My sister’s story in her own words: Living though not loving the reality

Sisterly love
Sisterly love

Life is full of surprises, ups and downs and curveballs

Just before Christmas I remember listening to a podcast with Petrea King, a grief counsellor – it was about having an empty chair at the table at Christmas time and how some D words impact us more around special times of the year, like Christmas, birthdays, anniversaries…here is the link to the Mamamia No Filter podcast if you’re interested –  The Empty Chair at the Christmas Table

D words 

The four D words she discussed were depression, divorce, death and diagnosis. This is the blurb on the podcast:

Christmas is often referred to as the most wonderful time of the year. It’s a day that’s meant to be filled with joy and love. But what if you’re not feeling joyful because you’re missing a loved one or you’re dealing with the end of a significant relationship? How do you face the empty chair at the Christmas table?

Petrea King is one of the most respected grief counselors in the country. She’s counseled over 120,000 people living with cancer and other life-challenging illnesses as well as people dealing with grief, loss, trauma, and tragedy through her foundation, Quest For Life.

She knows what’s it’s like to be facing Christmas with a death,  diagnosis or divorce looming after she lost her brother to suicide, and received her own diagnosis of a rare form of leukemia.

So what’s her advice on how to navigate Christmas when you’re not feeling joyful?

I was listening to the podcast, mainly for comfort and advice, as in 2018 I lost both my father and my father-in-law and to be honest, Christmas was not looking like a whole lot of fun, despite having a new granddaughter to indulge. I found Petrea’s voice soothing and calming and her approach was just what I needed to hear. I can’t recommend it highly enough.

I felt ready to handle the ‘first’ Christmas without two of my favourite men.

My sister’s call

Around this time I received a call from my sister which hit me like a sledgehammer.

You can read her story here, as it’s her story to tell and she does it so eloquently: Living though not loving the reality

It’s not life-threatening. It’s slow growing. It’s treatable. The outcomes are good.

I feel fortunate.

And not.

Wednesday. I called Deb, my sister, in the morning. She told me she’d dreamt about me the previous night and her sleep was so disturbed she’d had to get up and read at 4am, something she never does. If I hadn’t called her, she would have called me. It’s comforting to know our connection is still so strong.

The day I spoke to my sister, I shared this photo of us for the daily photo challenge I was participating in.  The prompt was call someone and I had not slept well as I later told my sister. I rarely sleep badly so it felt strange, and I had dreamed of her as well.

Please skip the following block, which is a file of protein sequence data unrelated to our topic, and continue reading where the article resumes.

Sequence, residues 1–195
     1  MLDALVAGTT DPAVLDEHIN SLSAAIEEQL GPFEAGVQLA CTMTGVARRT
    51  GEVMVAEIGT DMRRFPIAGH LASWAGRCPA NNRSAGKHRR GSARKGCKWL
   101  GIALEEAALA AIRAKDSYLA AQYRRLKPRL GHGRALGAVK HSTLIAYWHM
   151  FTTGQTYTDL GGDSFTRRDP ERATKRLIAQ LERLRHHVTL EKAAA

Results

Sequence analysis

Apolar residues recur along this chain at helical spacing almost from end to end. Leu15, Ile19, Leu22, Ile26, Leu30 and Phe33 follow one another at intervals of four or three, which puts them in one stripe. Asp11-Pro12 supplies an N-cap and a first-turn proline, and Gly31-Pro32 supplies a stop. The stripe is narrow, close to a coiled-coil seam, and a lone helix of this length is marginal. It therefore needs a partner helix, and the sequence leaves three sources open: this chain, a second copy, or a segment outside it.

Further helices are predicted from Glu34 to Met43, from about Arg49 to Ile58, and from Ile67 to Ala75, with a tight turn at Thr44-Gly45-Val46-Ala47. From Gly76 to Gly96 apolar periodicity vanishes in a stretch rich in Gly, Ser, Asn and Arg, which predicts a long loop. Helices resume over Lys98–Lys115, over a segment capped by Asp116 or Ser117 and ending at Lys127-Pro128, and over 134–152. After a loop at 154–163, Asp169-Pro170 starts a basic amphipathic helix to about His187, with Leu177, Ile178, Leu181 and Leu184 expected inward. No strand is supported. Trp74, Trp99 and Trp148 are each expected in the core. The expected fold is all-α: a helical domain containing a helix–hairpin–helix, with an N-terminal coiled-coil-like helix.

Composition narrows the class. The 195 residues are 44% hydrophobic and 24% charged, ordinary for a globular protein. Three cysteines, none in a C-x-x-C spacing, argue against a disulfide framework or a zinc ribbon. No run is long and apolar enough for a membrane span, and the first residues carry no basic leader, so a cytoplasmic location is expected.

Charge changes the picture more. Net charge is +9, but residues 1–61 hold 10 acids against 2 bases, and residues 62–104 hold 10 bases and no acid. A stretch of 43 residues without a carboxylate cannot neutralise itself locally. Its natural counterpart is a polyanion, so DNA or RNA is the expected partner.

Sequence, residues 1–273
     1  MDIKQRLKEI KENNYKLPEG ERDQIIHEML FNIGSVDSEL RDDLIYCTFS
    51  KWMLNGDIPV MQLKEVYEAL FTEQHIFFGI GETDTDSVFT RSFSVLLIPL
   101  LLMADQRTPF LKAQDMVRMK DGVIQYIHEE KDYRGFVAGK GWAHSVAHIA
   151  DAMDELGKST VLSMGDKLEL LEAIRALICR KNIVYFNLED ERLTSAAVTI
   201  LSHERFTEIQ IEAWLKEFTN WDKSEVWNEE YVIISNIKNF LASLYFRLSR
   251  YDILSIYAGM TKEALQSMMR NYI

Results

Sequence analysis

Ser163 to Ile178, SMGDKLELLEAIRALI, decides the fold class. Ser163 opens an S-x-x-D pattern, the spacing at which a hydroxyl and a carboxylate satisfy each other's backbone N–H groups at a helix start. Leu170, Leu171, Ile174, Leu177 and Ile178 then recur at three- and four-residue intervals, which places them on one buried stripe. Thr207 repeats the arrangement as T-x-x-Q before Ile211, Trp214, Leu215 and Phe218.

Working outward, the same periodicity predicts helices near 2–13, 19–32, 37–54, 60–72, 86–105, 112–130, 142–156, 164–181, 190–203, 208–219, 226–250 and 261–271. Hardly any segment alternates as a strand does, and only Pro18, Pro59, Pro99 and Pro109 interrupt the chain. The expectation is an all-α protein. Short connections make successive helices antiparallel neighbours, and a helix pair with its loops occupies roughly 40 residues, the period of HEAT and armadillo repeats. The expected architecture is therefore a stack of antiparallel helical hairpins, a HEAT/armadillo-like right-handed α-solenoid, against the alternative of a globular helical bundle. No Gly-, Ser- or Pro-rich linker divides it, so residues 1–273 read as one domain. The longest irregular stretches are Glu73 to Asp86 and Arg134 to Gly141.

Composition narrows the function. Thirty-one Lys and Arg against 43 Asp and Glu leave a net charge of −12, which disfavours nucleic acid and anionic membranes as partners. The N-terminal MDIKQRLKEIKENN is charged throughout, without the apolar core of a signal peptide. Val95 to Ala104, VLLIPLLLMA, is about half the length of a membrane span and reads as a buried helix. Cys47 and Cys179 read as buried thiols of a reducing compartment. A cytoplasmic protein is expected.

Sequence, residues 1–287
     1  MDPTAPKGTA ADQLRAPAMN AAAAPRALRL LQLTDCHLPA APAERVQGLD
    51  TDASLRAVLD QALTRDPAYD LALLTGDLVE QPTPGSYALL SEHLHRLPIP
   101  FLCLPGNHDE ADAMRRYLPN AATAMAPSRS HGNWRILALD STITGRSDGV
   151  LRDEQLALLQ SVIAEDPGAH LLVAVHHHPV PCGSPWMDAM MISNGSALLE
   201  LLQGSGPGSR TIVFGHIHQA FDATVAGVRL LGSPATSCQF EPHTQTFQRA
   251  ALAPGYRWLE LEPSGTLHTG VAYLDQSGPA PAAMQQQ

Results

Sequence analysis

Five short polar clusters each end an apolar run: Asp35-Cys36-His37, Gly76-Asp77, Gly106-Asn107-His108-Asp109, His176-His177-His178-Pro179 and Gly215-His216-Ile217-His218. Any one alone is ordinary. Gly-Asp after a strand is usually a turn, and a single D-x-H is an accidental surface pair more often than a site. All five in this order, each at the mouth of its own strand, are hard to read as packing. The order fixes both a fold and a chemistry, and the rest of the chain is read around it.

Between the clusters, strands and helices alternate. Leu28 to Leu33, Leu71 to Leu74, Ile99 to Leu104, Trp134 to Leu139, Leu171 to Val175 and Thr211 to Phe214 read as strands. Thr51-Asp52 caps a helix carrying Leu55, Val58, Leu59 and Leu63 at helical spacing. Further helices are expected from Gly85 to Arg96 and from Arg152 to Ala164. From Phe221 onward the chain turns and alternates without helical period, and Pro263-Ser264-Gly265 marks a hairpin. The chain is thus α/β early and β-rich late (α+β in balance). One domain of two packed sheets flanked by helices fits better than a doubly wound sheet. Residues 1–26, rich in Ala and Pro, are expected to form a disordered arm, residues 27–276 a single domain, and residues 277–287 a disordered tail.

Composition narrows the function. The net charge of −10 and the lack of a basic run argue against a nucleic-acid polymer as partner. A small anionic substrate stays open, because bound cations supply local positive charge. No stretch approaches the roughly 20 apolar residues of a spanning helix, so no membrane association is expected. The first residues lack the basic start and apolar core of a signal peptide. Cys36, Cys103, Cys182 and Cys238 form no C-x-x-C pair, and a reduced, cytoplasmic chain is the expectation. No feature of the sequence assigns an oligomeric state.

I was about to call her when she rang me.  We often laugh about our weird sisterly bond but I believe it’s a real ‘thing’ and this was just another example of it.

My sister and I often have a special (or weird) sisterly vibe thing happening. We buy the same clothes despite being hundreds of kms away from each other, we read the same things at the same time, we understand each other when no one else does.
Today, just as I was about to call her for a chat, she rang me. There are so many photos similar to this one, with her looking at me for some reason, I really don’t know why, maybe to see what I’m doing, to copy my reaction, or for some other reason. I chose this photo to represent our connection today. It’s very special to me. We may have grown up since this photo but we’ll always be sisters. Photo from a family wedding in 1965 with me as the flower girl.


This is not about me, but I am involved as Sharon is my sister, my only sister, my younger sister.  I will be with her throughout this, either in person or in spirit.  She is one tough little cookie but she will need her friends and family around, and never doubt it, we will be there.

My sister will deal with this in her own indomitable way. She’s strong, healthy and positive. I’m trying to be too.

Pop over to read her post, leave her a comment and please wish her well.

Deb xx

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28 Replies to “My sister’s story in her own words: Living though not loving the reality”

  1. What a dreadful shock for you all. It sounds as if she has a very good medical team to support her and a close family to care for her. I am pleased she is able to see the positives in such a horrible diagnosis and hope that all goes well with her surgery.

    Liked by 2 people

  2. I’ve been over to Sharon’s blog and followed, commented. It must have come as such a shock to you but that sisterly bond will, I’m sure, see you both through this. Wishing you both lots of luck and fortitude.

    Liked by 2 people

  3. Life can be cruel can’t it Deb and you have both had your fair share of hurdles over the last year. My thoughts and love are with you both and your sister is lucky to have someone as special as you. I can tell you are both fighters and positive people so you will face the challenge together and not give up. I will pop over to read Sharon’s story and I’m sending you a big hug and love. xx

    Liked by 2 people

  4. Breast cancer seems to hit so many women of our age Deb – I’m so sorry your sister has become one of them. You’re both blessed to have each other and such a strong sisterly bond and I know you’ll be with her through the whole journey – stay strong xx

    Liked by 1 person

  5. Your sister tells her story so beautifully – the emotion coming through every word. I love how you two have such a bond and can’t imagine what a sledgehammer this news must have been for you & your family. Wishing her all the best for surgery next week and the healing that comes afterwards.

    Liked by 1 person

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